5. However, the Division took the position that the specification as filed did not tell the expert how to select the parameters required for a consistently successful preparation of the resin. The Division relies here particularly on the comparative results forming part of the original description, which results demonstrate the occasional lack of success of the claimed process to achieve its objective, notwithstanding strict adherence to the features as claimed. Among the 25 runs shown in tables 1 to 4 comprising examples and comparative examples 6 runs (Nos. 12, 13, 14, 17 and 18) do not result in the desired resins, although all claimed features were followed. Run 6 must herein be disregarded, since it is, in respect to feature (c), outside the scope of the invention.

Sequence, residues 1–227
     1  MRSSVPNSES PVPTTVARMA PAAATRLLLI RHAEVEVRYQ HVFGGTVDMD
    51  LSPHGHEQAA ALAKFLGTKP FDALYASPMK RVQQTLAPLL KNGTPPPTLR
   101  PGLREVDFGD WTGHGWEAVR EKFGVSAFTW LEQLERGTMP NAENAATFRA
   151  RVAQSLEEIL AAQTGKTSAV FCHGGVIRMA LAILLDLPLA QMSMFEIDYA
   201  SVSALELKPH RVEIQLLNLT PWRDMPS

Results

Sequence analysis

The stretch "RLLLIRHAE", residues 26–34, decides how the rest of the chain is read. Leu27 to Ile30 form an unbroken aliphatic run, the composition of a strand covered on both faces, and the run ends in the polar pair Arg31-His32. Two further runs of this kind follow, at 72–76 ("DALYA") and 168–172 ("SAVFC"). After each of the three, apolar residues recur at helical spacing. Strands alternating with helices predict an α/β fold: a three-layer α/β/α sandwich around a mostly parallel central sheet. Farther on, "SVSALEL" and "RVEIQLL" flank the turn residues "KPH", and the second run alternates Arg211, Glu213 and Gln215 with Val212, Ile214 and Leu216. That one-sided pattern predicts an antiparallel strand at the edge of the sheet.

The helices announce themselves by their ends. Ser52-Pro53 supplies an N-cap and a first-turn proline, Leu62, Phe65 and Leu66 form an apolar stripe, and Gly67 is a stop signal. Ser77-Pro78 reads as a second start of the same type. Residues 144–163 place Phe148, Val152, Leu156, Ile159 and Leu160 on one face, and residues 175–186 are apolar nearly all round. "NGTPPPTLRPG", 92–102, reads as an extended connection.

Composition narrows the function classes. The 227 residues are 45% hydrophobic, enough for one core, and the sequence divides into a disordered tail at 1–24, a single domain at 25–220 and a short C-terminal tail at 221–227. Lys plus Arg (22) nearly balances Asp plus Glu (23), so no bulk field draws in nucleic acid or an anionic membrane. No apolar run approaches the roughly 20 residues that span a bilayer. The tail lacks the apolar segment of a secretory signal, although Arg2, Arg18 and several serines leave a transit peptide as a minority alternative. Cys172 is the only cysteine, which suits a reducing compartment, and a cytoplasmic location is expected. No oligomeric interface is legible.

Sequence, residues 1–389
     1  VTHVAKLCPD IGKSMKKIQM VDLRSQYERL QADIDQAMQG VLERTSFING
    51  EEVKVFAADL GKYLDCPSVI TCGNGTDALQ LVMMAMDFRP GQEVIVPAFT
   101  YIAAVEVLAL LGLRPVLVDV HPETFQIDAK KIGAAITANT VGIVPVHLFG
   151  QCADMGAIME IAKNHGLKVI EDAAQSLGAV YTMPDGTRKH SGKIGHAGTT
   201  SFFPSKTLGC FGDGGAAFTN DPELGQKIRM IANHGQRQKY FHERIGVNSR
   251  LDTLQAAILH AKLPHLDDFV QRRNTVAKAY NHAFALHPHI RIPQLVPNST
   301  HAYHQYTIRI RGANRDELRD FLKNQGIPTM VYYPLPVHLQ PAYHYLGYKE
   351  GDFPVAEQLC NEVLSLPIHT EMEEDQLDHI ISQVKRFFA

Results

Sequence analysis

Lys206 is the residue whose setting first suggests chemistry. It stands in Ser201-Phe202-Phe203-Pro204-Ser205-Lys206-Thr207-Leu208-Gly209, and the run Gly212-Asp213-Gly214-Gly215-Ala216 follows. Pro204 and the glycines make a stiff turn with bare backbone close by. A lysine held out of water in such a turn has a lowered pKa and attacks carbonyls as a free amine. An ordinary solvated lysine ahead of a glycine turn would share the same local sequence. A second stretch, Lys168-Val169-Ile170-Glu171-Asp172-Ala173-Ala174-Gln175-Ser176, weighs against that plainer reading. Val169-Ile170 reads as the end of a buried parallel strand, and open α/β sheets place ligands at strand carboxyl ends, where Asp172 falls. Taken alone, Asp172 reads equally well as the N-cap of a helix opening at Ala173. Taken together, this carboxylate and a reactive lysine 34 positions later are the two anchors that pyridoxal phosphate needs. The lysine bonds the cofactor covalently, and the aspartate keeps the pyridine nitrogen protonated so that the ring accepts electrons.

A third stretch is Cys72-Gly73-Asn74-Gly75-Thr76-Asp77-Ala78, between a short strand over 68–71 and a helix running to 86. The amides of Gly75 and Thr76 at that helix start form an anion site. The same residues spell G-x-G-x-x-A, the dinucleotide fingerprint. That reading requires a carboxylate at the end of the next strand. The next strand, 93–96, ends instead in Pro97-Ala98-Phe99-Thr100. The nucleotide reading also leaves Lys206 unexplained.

6. However, occasional lack of success of a claimed process does not impair its feasibility in the sense of Article 83 EPC if, e.g., some experimentation is still to be done to transform the failure into success, provided that such experimentation is not undue and does not require inventive activity. In the present case experimentation was altogether unnecessary, since tables 1 and 2 give sufficient instruction to the skilled reader on how to operate the process in the event of failure. Having regard to table 1 of the specification (runs 1 to 5) it can be recognised that increasing the polymerization temperature (with simultaneous reduction of the duration of polymerization) decreases both the "gel content" and the "polymerization degree" of the "soluble fraction" (the amount of the polyfunctional comonomer diallyl phthalate being constant). From this it can conversely be concluded that a reduction in polymerization temperature would entail an increase in the above two values of the resin. Table 2 shows the influence of the amount of the same comonomer on "gel content" and "polymerization degree" at otherwise constant conditions, in such a way that the increase of that amount implies an increase of the "gel content" and a simultaneous decrease of the average "polymerization degree" of the "soluble fraction". From this an expert would draw the conclusion that a reduction of the amount of a polyfunctional comonomer would result in a decrease of "gel content" and simultaneously in an increase of the said "polymerization degree". These empirical rules about the influence of alteration of the polymerization temperature and the amount of polyfunctional comonomer on the resulting resin enable the skilled person, notwithstanding occasional lack of success when applying the individual process variables, to realise the desired result, as set out below in detail.